Gov. Gray Davis finally has proposed a budget that focuses attention on serious choices about state taxes and spending.
First, we need to agree on what happened during the last four years and stop the partisan blame game. A good economy and soaring stock market allowed the state to increase education spending by $10 billion a year, put additional funds into transportation investments and broaden health care and child care for low- and middle-income families.
In addition, tax cuts of nearly $7 billion a year on car licenses and business income were adopted.
Now, stock market-related taxes have fallen by $10 billion and the economy is weak. There is some blame for both political parties for avoiding the hard budget choices last summer when solutions would have been easier. This time, we need to solve the problem.
We need to stop posturing and agree that tax increases are reasonable as part of the budget solution. Past spending supported critical economic, quality-of-life and equity goals, and a tax increase to minimize cuts in these programs is a wise investment in our future. Despite recent spending increases, we are still below average in per-pupil spending and per capita investment in transportation. Moreover, local governments are under extreme fiscal pressure and we are not producing enough housing.
California cannot compete for new firms and jobs unless we are willing to invest in high-quality public institutions and infrastructure. Moreover, these investments improve the quality of life for Californians.
The tax increases should be temporary, not permanent. The $35-billion deficit estimate is probably too high, the economy should do better than the governor assumes, and permanent tax increases should be debated with much better information than we have now.
A temporary increase in taxes and fees of about $10 billion a year would represent less than 1% of the total annual income of all residents and repeat the successful bipartisan and balanced budget package of a decade ago.
Low- and middle-income families should be protected as much as possible. The demand for health-care and social service spending goes up in bad economic times, yet this spending will be cut severely even with tax increases.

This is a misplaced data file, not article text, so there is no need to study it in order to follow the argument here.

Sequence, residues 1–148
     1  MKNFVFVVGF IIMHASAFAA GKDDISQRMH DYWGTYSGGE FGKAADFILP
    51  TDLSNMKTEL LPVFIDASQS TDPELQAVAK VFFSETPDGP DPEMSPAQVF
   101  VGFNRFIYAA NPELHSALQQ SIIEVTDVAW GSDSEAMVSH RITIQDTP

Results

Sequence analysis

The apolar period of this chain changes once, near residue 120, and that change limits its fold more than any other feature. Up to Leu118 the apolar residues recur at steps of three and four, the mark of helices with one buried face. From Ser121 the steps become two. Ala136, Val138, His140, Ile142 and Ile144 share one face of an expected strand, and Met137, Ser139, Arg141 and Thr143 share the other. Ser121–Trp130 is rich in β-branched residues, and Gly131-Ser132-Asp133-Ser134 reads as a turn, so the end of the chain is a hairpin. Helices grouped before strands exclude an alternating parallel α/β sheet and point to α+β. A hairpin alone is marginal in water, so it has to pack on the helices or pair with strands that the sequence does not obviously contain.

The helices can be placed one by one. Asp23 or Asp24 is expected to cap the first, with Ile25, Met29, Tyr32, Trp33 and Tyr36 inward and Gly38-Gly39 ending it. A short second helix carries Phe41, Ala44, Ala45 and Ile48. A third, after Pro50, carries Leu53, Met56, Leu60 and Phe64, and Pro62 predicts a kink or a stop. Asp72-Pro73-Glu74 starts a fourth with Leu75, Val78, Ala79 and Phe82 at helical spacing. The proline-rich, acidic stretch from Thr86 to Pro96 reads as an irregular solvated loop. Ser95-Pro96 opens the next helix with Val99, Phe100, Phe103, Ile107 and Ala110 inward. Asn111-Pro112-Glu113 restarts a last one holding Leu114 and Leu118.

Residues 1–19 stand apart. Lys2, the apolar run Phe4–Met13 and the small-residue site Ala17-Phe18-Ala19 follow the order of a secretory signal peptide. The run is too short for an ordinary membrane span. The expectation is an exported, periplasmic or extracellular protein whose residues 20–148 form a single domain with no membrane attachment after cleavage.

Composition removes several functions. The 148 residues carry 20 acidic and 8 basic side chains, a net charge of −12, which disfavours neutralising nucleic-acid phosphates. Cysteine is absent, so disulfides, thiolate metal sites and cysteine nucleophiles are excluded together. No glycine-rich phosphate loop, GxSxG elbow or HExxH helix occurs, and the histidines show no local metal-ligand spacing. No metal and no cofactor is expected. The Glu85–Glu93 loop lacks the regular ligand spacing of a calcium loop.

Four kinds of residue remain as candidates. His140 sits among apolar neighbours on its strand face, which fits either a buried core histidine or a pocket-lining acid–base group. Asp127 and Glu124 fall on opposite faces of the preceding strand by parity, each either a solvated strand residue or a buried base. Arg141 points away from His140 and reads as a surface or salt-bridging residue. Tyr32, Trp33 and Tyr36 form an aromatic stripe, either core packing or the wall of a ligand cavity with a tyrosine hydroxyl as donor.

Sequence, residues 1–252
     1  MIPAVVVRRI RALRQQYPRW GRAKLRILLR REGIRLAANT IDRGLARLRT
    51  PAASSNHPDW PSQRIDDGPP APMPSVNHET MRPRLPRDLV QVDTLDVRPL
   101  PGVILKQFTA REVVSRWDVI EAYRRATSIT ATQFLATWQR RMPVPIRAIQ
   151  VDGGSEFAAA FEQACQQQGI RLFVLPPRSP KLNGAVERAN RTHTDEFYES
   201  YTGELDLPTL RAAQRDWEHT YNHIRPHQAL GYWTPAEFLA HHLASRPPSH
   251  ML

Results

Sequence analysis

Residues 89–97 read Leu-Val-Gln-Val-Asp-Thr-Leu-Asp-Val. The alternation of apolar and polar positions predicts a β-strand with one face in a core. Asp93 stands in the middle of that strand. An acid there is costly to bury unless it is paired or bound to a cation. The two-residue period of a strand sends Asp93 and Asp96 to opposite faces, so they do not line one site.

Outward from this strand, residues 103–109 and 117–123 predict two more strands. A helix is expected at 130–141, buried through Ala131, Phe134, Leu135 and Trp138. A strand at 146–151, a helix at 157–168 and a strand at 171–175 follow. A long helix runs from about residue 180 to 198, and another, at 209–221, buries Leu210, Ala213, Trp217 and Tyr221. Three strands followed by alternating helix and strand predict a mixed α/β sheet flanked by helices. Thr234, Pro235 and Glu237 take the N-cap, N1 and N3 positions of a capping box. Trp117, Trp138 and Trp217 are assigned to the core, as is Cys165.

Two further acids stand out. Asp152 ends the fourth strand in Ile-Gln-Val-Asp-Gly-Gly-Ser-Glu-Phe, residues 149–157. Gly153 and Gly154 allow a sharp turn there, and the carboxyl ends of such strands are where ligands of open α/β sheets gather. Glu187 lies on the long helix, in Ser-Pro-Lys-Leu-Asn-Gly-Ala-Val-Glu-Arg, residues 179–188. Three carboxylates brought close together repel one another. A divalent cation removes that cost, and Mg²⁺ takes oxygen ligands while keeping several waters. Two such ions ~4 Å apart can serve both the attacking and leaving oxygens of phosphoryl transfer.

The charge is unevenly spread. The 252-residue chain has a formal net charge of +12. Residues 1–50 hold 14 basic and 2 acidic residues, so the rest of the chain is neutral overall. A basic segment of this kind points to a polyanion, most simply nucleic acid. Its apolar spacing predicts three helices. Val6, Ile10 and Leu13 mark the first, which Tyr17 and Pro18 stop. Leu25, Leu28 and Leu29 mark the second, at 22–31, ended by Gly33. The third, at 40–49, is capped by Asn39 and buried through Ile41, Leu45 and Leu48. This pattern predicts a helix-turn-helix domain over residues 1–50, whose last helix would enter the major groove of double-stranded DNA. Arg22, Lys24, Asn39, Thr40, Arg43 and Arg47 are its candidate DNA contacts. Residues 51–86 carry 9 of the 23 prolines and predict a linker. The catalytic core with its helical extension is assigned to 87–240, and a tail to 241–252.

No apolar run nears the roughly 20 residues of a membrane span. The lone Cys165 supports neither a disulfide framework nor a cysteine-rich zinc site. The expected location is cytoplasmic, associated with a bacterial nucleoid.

The proposed income tax surcharge on families with incomes of more than $250,000 should be part of a fair budget solution. In addition, the cuts in vehicle license fees should be repealed temporarily as the law allows; we no longer can afford them.
The governor's proposed sales tax increase, however, is a poor choice as either a replacement for lost stock market- related taxes or a foundation for long-term fiscal reform. The sales tax is a relatively slow-growing revenue source and falls more heavily on low-income families.
A sales tax increase does not meet the governor's goal of adjusting to changes in how the economy operates and would compete directly with using sales taxes to finance local transportation improvements.
Broadening the sales tax base to include services would capture some high-growth areas of the economy (particularly if we were to capture all Internet sales) and is an idea worthy of consideration as a new permanent revenue source.
Long-term fiscal reform must include adequate revenue for local governments and strong incentives for housing. The governor's proposal does neither, although his idea of realigning services and revenues for local governments has merit.
Meeting the governor's objectives requires reform in property tax collection, including raising the assessed valuation of property but not raising property tax rates.
Finally, I support the governor's call for President Bush to give federal aid to states. How can we be serious about economic stimulus if we allow state and local governments to lay off teachers, cancel construction projects and decrease cash payments to poor families? A federal aid package of $50 billion to $100 billion would give $5 billion to $10 billion to California and avoid the most devastating layoffs and cuts.
The specifics of the governor's budget will change as the Legislature gets involved, but the key questions will not. Education and infrastructure spending were good investments when stock option income paid for them. They are still good investments even if we have to pay more taxes for a while.